“This relation of mutual reinforcement leads to a true wealth that is all the more apparent because it is not selfishly hoarded but is shared with friends. Pleasure shared is pleasure doubled.” (from the Wilhelm translation)
I was just fooling around with the shells and wood, arranging them in different ways, and suddenly it looked like a hexagram. This is totally the way I generally operate in all of life; I start out going north and end up somehow in the southwest. So. I randomly arranged and photographed my beach I Ching for some time.
I don’t know enough about the I Ching to have recognized the meaning of what I was making. But I do own 3 versions of the I Ching, including the classic Wilhelm translation that I’ve probably had for 40 years. Home again, books out, to decode the first one. I found the words very appropriate to what Nina and are doing with our blog. I’ll sprinkle more of them in occasionally in future posts.
And of course the words and descriptions of the hexagram made me want to do a collage–OK, nearly everything makes me want to do a collage–so I did, and I’ve included it too.
Every day I took a walk on the beach and collected shells, and sometimes other things like pieces of horseshoe crab and wood, in my bucket. I washed them off and let them dry, and in the evening I would draw. The first night I started with one conch piece and drew it a few times from several viewpoints. The shadows made by the irregular edges were interesting too.
We took the ferry to Okracoke Island and found many many interesting oyster shells there.
I also really enjoyed sketching the water-worn shells, full of hieroglyphic-like marks.
I’m the window designer for a boutique in Montclair, NJ. CoCo is celebrating sixteen years so I did a Sweet Sixteen window for them. Kind of hard to photograph because of the glare. It looks better at night.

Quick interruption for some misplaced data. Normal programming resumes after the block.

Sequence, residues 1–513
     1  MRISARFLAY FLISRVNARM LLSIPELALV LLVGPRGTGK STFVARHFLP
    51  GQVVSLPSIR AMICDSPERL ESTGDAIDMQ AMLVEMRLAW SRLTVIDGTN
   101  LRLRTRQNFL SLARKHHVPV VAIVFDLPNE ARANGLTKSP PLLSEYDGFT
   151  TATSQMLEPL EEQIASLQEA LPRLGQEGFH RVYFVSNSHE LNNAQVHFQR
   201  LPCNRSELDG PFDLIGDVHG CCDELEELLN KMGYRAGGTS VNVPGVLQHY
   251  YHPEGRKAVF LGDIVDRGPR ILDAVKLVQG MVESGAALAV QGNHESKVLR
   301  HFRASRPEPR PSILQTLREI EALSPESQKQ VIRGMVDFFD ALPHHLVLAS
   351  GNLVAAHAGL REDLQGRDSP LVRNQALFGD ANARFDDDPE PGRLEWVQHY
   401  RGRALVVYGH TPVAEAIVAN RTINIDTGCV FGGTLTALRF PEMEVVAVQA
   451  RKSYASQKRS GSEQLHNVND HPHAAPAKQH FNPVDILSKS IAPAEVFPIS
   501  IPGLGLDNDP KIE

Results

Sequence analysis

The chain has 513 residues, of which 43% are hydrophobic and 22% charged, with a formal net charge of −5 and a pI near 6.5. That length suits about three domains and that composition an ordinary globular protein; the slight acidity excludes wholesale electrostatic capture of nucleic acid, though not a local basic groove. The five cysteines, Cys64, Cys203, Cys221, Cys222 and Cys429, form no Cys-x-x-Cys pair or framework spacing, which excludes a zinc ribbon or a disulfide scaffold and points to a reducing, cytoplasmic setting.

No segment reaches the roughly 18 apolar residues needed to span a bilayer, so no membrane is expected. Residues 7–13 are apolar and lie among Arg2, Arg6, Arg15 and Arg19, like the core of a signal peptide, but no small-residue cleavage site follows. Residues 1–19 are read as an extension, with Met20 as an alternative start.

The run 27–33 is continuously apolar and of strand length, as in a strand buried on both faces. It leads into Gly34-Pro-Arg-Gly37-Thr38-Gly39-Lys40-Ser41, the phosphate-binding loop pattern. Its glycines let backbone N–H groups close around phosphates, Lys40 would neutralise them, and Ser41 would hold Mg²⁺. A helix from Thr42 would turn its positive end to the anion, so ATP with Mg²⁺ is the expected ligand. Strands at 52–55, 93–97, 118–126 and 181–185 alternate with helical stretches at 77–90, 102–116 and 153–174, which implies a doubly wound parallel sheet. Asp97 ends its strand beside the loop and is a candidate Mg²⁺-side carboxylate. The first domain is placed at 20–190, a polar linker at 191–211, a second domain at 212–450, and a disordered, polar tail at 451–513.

Beautiful week at the beach. The deck looked out over the dunes and the ocean, and I sketched it a few times. Although most of my artistic endeavors involved shells…every day I would take one or two long walks up the beach and back with my bucket, and at night I would sketch. Later I did shell arrangements and photographed them.
The rest of the world falls away without hours on the computer and the news of the world. I did borrow a laptop and check email a few times, but mostly all of us went to the beach and sat or went in the water or wandered or tossed a ball or Frisbee around or messed around in the sand or watched the wildlife and other beach goers. We cooked some great dinners, and maybe we would watch baseball a bit, and read–I went through two books.
Many many birds. I was surprised to find a cardinal who sang constantly. Blackbirds, including red-winged blackbirds, crows and grackles. Mockingbirds and cat birds. And the shore birds, plovers and sandpipers and gulls and pelicans.
The crabs on the beach are also worth watching.
Shell art to follow.
Another from the Paterson series, gouache, ink, old textiles and newspaper clippings from the 1950 Paterson Morning Call. I like the little memorial clipping in the bottom right hand corner which reads “In loving memory of our dear baby, Raymond Swan, who left us March 13, 1926. Gone but not forgotten. Sadly missed by Mom and Dad.” Although Mom and Dad are surely gone now also, I like to think that I’ve memorialized baby Swan in this painting.
Another from the series done with Paterson textiles, newspaper clippings from 1950, gouache, watercolor and ink. The skeleton is that of a frog. I like the old advertisement which reads “A hearing aid is a mark of intelligence. It shows consideration for others.
This was just a floating consciousness kind of drawing. When my mother died I said to my husband “but it looks like she is still breathing”. It was just wishful thinking. He told me it was a common feeling to have.
The vertical strip down the center is a broad silk made by my grandfather. The newspaper clippings are from a 1950 Paterson Morning Call. The theme, obviously, is nature. I like this one a lot.
This is one of a series of collages made with old textiles and newspaper clippings from the Paterson Morning Call. I found the old textiles wrapped in the newspaper; I believe they were saved by my grandfather who had a factory in Paterson. The flowers and basket are textiles. I wanted to commemorate the Allied Textile Printing factory, which today stands in ruins.